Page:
Today marks the beginning of the final stretch of Interleague play this season. Love it or hate it, you learn a lot about the baseball cultures and traditions of teams from the other league during Interleague and knowledge is never a wasted thing. To that end, before the Angels and Dodgers take the field at the Big A this evening for the second half of the Freeway Series, I thought I would use my bi-baseball-cultural heritage (Dodgers fan childhood, Angels fan adulthood) to answer a few questions and clear up a few misconceptions about our two team’s shared histories in Southern California for the benefit of both fan bases.
First things’ first:
This is not a Dodgers cap.
And I don’t just mean this statement in the Magritte sense. This really is not a Dodgers cap, nor is it an “Angels Dodgers-look-alike” cap as some have called it. This is a replica of the original Angels cap, featuring our original interlocked L and A logo and a halo stitched into the top, a reminder of an era when, for better or worse, baseball uniforms were often a little more literal than they are today. Remember the nautical motif on the 1970s era Pittsburg Pirates cap and on short-lived Seattle Pilots caps and stirrup socks?
So, is it an ugly cap? Well, everyone is entitled to their opinion of course. I tend to think it’s so ugly, it’s completely awesome! But then again, you may have glanced around my blog and noted my subtle little bias.
Wait a minute! The Angels’ original logo was an interlocked L and A? What have the Angels ever had to do with Los Angeles and why were they copying the Dodgers? I have heard variations on this one from both sides of the fan divide as well. The Angels have played at the Big A in Anaheim since the 1966 season…but, from 1961 until 1966 they played in Los Angeles. Yes, Los Angeles. The first year at Los Angeles’ Wrigley Field and for the next four years at – if you’re one of the folks who didn’t know this already, this is going to trip you out even more than the concept of a Wrigley Field in Los Angeles – at Dodger Stadium.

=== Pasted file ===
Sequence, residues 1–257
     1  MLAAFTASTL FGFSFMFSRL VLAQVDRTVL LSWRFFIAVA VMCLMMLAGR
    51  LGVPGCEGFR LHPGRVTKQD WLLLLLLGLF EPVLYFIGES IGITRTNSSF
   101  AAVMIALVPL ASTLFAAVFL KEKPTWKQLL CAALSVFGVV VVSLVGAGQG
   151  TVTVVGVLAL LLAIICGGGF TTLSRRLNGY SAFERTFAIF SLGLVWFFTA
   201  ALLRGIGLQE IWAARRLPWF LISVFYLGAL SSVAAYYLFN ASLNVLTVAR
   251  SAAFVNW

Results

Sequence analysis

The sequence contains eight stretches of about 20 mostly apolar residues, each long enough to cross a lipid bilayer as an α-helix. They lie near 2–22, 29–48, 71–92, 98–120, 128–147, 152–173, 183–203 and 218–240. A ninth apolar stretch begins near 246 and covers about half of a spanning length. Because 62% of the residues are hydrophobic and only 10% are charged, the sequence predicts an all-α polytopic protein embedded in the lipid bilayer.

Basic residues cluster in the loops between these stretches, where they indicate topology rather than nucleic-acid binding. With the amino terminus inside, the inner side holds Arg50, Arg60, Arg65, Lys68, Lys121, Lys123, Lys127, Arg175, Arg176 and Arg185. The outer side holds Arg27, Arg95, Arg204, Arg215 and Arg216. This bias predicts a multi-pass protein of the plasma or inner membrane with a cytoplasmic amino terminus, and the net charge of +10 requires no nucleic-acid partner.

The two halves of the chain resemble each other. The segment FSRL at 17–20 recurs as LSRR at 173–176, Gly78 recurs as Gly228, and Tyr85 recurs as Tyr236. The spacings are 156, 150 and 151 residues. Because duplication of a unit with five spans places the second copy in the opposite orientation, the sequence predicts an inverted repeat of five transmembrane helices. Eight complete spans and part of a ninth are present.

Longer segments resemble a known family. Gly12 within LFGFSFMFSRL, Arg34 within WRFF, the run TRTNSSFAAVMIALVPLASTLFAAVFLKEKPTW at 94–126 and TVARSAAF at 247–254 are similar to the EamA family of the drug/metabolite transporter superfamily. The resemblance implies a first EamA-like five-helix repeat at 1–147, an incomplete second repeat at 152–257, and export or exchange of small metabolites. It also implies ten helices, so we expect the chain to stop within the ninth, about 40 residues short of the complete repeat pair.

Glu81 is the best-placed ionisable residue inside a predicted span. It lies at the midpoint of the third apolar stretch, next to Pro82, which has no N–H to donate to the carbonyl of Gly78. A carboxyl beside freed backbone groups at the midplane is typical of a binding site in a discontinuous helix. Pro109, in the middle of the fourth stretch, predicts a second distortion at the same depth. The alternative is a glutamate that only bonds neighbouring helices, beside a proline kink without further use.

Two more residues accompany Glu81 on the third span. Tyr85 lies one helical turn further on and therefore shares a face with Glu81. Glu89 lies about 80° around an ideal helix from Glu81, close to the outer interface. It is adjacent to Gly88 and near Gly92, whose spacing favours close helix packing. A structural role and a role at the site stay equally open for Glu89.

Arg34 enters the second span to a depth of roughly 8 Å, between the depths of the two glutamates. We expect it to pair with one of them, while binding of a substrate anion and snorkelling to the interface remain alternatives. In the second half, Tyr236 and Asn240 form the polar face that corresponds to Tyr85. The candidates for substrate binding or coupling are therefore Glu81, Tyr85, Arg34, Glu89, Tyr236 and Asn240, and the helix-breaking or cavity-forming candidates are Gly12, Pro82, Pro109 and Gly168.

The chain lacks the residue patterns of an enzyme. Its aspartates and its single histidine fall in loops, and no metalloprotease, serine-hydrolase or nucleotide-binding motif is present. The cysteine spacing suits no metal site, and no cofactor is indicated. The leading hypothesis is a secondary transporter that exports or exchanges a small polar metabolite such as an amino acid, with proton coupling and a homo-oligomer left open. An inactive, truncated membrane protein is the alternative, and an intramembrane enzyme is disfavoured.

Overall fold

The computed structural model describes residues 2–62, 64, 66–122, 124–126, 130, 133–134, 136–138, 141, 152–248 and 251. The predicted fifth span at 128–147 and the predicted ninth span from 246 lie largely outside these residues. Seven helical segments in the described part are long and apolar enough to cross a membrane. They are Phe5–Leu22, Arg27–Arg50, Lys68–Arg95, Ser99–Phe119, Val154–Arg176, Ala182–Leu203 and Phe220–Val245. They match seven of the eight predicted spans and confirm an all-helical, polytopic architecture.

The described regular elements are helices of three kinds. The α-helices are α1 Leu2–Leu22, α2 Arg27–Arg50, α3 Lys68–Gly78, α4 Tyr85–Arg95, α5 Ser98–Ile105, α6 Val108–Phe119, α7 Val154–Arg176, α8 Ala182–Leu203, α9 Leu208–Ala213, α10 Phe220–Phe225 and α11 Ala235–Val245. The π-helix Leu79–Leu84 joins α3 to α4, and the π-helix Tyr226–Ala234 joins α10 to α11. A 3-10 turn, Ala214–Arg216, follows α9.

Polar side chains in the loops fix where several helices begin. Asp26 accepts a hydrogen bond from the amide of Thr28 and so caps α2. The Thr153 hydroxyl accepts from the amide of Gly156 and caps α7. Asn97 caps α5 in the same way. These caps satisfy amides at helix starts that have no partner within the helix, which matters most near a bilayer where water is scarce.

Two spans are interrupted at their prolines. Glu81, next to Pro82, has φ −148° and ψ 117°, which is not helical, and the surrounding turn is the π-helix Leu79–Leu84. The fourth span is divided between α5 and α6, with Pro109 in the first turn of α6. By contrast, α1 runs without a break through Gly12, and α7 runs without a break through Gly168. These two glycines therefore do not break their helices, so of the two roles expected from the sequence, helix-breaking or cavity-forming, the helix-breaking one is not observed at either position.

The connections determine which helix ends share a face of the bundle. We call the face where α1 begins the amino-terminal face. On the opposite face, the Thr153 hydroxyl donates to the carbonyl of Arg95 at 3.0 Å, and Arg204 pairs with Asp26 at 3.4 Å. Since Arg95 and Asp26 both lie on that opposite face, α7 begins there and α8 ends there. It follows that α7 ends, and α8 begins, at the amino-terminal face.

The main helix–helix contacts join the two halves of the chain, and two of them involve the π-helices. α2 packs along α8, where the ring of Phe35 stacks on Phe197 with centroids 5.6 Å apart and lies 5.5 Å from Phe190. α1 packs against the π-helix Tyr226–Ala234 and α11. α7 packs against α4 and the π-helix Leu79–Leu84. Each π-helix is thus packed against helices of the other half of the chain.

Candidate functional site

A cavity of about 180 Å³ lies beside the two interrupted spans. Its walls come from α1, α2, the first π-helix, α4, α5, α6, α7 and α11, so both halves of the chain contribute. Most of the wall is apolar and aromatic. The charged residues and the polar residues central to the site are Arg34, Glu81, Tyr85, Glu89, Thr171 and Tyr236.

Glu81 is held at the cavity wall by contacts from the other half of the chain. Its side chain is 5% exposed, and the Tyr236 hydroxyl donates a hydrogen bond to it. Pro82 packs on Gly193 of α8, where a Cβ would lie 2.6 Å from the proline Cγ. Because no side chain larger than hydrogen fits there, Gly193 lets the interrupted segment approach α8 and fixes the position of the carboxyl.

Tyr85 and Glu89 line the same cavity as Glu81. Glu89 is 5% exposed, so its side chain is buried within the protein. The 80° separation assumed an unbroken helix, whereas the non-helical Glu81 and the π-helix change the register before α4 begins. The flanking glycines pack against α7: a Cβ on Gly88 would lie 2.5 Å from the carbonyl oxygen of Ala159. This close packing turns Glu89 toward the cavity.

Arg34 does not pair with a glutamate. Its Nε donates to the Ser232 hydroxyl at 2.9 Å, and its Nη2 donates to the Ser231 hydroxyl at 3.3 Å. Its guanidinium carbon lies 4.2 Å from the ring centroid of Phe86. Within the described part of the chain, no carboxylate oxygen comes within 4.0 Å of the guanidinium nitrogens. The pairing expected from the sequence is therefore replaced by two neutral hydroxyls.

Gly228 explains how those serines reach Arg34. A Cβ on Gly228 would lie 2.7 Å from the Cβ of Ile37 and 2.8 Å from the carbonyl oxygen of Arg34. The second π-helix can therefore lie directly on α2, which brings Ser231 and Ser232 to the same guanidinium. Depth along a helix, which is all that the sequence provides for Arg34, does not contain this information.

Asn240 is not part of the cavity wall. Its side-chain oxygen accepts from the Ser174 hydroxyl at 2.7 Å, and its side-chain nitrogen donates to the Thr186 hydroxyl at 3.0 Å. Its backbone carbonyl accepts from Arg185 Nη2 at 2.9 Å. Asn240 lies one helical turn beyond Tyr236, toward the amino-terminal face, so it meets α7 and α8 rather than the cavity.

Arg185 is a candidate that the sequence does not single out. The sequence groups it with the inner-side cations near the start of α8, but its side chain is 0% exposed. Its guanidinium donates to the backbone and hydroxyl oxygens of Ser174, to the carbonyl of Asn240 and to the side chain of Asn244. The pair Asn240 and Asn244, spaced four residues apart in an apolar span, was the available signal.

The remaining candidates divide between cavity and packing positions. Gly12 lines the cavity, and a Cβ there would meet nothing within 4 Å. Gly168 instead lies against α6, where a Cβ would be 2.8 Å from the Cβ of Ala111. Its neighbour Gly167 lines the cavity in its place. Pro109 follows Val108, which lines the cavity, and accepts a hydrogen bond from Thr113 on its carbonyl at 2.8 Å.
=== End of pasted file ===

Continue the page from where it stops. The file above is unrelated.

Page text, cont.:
No, Angels fans, it wasn’t our field first. It was always the Dodgers’ field. We just sort of couched surfed there for four seasons until we became established in our career and were able find our own digs. And, really, can you get any more Los Angeles than that? There were occasional issues between the Dodgers and Angels in those years, but they were merely baseball variations on the sort of small slights and annoyances known to housemates of convenience the world over. Hey, I’ll bet the Angels were much better housemates than a former housemate of mine, who shall forever be remembered in my circle of friends as the girl who actually said, with real annoyance in her voice and not the slightest trace of humor, I might add, “But I paid you rent last month.”
Okay, so the Angels do have a tie to Los Angeles, but what about that logo? The interlocked L and A isn’t a copy of the Dodgers logo. It was intended as a nod to the minor league Los Angeles Angels who were the first team to use an interlocked L and A logo and played at Los Angeles Wrigley Field in several incarnations for decades before the Dodgers moved to California. I suppose that one could argue that the Dodgers copied the logo from the minor league Angels, but it’s a little more complicated than that. O’Malley had bought the minor league Angels and moved the team to Spokane when the Dodgers moved out west. If I am reading the meandering history of this particular minor league franchise correctly, the original Los Angeles Angels turned Spokane Indians went through several more incarnations and are now the Tucson Padres. Regardless, it was too cool a logo to remain unused, so I commend the Dodgers for keeping it alive.
Bet the Los Angeles Angels of Anaheim doesn’t sound so silly now does it? …Okay, actually, it still does. Terribly so. Really. Which brings me to our final question: